Law schools should also give students practical experience early on by including in the first year curriculum at least one course that develops practical skills and teaches students to ‘think like a lawyer’ in simulated practice settings. The practical aspects of legal education should then be expanded as students progress through law school, giving students an increased opportunity to assume the responsibility of acting on behalf of clients. In this manner, students would gradually transition from learning how to think like a lawyer to learning how to act like a lawyer. Law schools should also expand and refine their clinical training and require students to perform supervised legal work while in law school. Ideally, students would work in small clinical groups and meet weekly with their supervisor in a classroom setting to discuss their experiences. By organising clinics in this manner, schools would provide students with real world experience and also a forum in which to brainstorm, share ideas, and receive advice and feedback.
In addition to emphasising practical knowledge, schools should also seek to expose students to alternative perspectives, such as those that comprise the comprehensive law movement, either integrated with existing classes or as free-standing courses. This would allow schools to promote extralegal and interdisciplinary perspectives explicitly in addition to the implicit recognition such perspectives would receive in a more integrated curriculum.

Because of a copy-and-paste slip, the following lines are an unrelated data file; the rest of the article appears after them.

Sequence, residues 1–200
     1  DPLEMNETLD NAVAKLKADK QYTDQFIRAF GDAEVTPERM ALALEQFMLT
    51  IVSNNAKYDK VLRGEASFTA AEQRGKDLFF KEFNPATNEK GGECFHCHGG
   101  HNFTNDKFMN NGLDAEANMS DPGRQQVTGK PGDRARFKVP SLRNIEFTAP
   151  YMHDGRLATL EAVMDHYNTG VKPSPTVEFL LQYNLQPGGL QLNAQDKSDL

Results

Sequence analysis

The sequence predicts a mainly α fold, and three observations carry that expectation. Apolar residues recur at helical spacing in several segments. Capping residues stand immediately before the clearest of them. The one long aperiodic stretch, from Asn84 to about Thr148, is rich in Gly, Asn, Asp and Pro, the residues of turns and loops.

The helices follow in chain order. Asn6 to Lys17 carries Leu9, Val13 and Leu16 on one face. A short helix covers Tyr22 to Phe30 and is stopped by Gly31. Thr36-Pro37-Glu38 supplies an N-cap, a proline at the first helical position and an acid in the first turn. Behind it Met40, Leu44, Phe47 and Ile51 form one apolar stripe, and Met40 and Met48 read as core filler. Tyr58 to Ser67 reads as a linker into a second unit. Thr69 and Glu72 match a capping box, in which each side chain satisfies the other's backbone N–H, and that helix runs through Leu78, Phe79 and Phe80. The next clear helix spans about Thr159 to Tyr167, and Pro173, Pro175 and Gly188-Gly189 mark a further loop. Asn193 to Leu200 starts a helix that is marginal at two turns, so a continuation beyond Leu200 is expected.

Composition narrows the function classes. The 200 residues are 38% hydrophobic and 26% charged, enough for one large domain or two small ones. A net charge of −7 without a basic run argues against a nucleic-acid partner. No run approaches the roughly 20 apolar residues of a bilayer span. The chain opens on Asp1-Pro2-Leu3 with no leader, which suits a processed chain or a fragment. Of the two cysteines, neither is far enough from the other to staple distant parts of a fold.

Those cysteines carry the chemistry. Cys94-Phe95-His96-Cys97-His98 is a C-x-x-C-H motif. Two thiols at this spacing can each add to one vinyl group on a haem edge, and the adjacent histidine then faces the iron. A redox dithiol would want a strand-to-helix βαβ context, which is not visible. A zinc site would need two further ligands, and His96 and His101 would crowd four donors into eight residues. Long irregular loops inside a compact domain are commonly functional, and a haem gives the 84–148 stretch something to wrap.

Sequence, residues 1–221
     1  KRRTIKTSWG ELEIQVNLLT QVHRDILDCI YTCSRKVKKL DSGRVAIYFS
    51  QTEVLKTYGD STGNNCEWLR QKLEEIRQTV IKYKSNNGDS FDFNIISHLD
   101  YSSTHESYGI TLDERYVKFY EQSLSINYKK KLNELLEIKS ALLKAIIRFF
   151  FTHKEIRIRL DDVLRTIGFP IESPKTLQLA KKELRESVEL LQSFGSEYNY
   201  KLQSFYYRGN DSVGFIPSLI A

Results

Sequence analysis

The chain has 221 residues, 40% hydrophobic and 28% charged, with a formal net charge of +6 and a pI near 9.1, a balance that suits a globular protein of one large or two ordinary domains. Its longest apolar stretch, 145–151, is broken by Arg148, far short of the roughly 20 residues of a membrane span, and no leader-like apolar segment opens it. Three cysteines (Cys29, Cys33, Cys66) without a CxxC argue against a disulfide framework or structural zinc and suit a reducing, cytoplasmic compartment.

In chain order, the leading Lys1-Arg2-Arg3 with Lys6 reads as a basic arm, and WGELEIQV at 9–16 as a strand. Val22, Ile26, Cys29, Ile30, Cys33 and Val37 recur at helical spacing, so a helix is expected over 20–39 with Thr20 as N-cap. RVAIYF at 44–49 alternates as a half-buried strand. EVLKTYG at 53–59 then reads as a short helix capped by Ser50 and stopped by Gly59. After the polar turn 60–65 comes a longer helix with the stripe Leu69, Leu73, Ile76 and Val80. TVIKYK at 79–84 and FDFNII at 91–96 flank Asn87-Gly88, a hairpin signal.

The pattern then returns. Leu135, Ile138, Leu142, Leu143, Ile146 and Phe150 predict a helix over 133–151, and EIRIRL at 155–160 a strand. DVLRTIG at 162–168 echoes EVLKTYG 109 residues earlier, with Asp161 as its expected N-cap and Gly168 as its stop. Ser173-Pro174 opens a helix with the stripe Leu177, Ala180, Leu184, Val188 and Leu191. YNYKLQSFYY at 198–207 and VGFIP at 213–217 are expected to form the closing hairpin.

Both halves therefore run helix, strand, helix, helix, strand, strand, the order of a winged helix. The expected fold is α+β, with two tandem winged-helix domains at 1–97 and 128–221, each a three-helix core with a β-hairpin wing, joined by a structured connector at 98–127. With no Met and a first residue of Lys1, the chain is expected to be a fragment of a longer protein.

The integration discussed above would dramatically improve legal education by maximising the impact of the second and third years of law school and training students in a more complete set of skills. It would also, in and of itself, improve students’ well-being and professional outlook by creating more well-balanced, self-aware, and satisfied law school graduates. If, as educators, we are truly committed to creating the best lawyers possible rather than ranking students so that law firms can determine who to hire, we must re-evaluate the purpose of summative teaching and testing in legal education. This is not to say that summative assessment has no place in law school but rather that it should not be used to the exclusion of other methods that would enhance learning.
Finally, law schools should also explicitly address the personal impact that their training – integrated or not – has on students. Legal education has a tremendous impact on the way students think and view the world; we cannot pretend that it does not also have an immeasurable effect on who students are as people (nor should we want to). When the personal, intrinsic changes that occur during law school are ignored, young lawyers enter the profession disillusioned, without a compass to guide their professional growth. To this end, law schools must create focused opportunities for students to reflect on their intrapersonal development. Law schools must also help students develop a self-awareness of who they want to be as professionals by encouraging them to integrate their intrinsic goals and needs with the practice area they choose to pursue.
In essence, what we are advocating is a legal education focused on the practical and humanistic aspects of the profession to the same extent as the theoretical. By integrating the doctrinal and practical aspects of their curricula and providing direct training in the skills and perspectives outlined herein, law schools would provide students with a much more comprehensive toolkit with which to view disputes. Students would enter the legal profession as creative problem-solvers, rather than mere legal analysts. Such an approach would be much more consonant with society’s need for lawyers.